SYDNEY (Reuters) - Counting of 1.5 million postal and absentee votes critical in Australia's cliffhanger election began on Tuesday as loyalists of Prime Minister Malcolm Turnbull defended their embattled leader against calls for his resignation.
Turnbull's conservative coalition has secured 68 seats, opposition Labor 67, with 10 seats in doubt, according to projections by the Australian Broadcasting Corporation. The major parties need 76 seats to form a majority government.
Vote counting is expected to drag on for days, possibly weeks, leaving Australia in a political vacuum.
Turnbull's disastrous polling at Saturday's election has led to attacks from inside and outside his party, as the political stability he had sort with an early election evaporated with a wave of independents winning office.
Attorney-General George Brandis has warned his colleagues that sniping at Turnbull threatens to undermine the prime minister's ability to bargain with those very independents.
"It is not helpful for anyone on the coalition side to be engaging in the kind of public criticism which might potentially weaken Mr Turnbull's bargaining position," Brandis told ABC Radio on Tuesday.
"Stability is always better than instability, discipline is always better than indiscipline, playing a team game is always better than self-indulgence."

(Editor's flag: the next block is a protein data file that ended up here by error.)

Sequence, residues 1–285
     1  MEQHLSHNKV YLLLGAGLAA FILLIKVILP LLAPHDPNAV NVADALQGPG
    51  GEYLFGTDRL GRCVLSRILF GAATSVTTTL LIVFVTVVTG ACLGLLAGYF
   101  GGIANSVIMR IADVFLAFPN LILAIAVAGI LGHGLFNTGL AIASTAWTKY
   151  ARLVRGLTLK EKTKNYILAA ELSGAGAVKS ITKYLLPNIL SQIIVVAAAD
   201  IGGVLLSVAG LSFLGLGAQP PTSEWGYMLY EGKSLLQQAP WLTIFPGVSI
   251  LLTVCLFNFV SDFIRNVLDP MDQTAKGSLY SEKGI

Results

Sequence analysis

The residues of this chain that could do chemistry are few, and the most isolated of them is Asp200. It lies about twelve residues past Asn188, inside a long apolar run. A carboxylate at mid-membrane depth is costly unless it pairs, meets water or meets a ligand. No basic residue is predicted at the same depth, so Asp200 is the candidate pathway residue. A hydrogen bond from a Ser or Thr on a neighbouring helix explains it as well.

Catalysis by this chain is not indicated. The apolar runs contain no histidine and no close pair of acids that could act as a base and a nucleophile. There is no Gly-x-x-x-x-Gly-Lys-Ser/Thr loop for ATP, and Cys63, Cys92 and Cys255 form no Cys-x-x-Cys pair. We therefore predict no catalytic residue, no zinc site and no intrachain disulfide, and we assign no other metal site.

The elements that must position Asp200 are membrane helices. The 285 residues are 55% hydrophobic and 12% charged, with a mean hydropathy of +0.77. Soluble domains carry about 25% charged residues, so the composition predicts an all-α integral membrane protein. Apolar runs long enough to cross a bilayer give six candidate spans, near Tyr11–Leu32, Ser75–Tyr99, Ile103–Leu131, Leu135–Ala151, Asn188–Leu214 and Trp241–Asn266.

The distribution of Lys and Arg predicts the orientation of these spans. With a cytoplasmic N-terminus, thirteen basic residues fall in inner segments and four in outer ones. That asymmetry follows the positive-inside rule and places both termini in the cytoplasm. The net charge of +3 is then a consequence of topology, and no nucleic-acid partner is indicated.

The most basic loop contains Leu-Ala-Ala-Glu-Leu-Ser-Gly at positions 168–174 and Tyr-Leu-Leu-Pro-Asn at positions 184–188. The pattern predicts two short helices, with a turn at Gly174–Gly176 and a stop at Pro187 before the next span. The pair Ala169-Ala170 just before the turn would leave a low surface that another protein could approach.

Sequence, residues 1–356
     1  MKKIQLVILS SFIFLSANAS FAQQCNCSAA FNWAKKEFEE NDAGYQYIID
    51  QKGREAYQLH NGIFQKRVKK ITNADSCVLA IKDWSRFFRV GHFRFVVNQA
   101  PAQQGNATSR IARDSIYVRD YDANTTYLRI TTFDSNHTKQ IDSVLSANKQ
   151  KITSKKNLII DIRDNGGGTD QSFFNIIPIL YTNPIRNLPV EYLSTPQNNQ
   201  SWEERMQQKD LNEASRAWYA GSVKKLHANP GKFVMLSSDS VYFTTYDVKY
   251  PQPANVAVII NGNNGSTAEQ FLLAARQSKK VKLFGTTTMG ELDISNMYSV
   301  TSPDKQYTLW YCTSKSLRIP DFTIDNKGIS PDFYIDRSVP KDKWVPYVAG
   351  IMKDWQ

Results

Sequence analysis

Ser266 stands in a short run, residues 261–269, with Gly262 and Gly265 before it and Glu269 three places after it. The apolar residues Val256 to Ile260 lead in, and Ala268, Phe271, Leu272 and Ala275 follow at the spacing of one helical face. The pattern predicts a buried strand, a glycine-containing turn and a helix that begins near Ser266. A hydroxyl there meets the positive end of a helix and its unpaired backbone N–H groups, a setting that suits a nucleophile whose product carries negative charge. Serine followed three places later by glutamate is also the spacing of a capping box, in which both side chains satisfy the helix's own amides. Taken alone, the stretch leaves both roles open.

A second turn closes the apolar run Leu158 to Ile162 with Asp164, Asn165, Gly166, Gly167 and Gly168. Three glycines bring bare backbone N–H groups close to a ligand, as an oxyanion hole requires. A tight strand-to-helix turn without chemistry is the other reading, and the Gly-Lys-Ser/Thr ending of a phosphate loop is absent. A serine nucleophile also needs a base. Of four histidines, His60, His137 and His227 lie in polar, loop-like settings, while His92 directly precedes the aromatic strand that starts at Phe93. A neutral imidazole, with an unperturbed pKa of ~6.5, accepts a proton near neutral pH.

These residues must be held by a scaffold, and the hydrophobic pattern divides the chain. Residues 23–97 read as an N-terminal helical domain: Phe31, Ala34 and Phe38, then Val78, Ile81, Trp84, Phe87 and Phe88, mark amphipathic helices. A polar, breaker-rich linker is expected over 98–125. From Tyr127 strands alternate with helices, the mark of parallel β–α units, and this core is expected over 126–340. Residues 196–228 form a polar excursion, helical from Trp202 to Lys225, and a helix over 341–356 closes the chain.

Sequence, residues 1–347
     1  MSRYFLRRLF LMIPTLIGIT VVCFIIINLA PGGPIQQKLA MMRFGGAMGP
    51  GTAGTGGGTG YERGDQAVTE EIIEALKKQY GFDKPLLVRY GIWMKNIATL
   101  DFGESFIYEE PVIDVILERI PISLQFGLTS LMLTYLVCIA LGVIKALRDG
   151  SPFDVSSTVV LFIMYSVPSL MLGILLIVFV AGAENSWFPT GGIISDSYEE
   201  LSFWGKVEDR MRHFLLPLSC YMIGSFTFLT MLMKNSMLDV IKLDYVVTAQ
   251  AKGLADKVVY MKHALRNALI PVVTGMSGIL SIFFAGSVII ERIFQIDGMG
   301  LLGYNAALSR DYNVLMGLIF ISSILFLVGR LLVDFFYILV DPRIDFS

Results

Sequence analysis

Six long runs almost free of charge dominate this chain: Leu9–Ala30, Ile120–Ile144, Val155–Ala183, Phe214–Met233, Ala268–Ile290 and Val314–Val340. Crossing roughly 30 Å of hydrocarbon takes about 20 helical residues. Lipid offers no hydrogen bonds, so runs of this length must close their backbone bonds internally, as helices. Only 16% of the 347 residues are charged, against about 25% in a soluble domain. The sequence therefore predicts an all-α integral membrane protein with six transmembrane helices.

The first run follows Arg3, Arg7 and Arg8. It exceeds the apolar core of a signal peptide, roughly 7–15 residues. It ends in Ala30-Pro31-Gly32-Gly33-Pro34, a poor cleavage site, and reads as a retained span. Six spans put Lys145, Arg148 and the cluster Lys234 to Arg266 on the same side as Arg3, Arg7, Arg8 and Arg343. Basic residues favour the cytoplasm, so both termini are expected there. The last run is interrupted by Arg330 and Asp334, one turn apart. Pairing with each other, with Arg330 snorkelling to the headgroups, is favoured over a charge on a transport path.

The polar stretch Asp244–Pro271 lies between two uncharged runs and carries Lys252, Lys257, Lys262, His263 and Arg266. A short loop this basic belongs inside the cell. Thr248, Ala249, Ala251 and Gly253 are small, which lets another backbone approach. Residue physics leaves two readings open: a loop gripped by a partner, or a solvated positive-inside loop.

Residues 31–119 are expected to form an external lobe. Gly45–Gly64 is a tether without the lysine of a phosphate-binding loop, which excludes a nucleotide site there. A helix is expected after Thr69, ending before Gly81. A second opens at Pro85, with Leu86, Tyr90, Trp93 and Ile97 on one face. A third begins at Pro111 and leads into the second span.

Saturday's election was meant to end political turmoil that had seen four prime ministers in three years. Instead, it left Turnbull's own leadership in question less than a year after he ousted then prime minister Tony Abbott in a party-room coup.
Turnbull is being blamed for a series of missteps, beginning with triggering the double dissolution of parliament in May, sending both upper and lower houses to the ballot box, and a long eight-week campaign that allowed time for the opposition Labor to hit key issues like healthcare and company tax cuts.
Conservative Senator Cory Bernardi has called for a debate about Turnbull's leaderships as key independents who could hold the balance of power refuse to commit to either the coalition or Labor.
A senior political source within the Nationals party said on Monday that Turnbull's coalition partner did not blame him for the "disappointing" showing but acknowledged rumblings about the prime minister's future.
"There is and will be talk about the future of the coalition and who leads it," he told Reuters under the condition of anonymity.
The stalemate has allowed independents like Pauline Hanson, founder of the controversial far right One Nation party, to steal the spotlight. Hanson used her first press conference as senator-elect on Monday to repeat warnings that Australia was being "swamped by Asians".
(Reporting by Matt Siegel and Colin Packham; Writing by Jane Wardell; Editing by Michael Perry)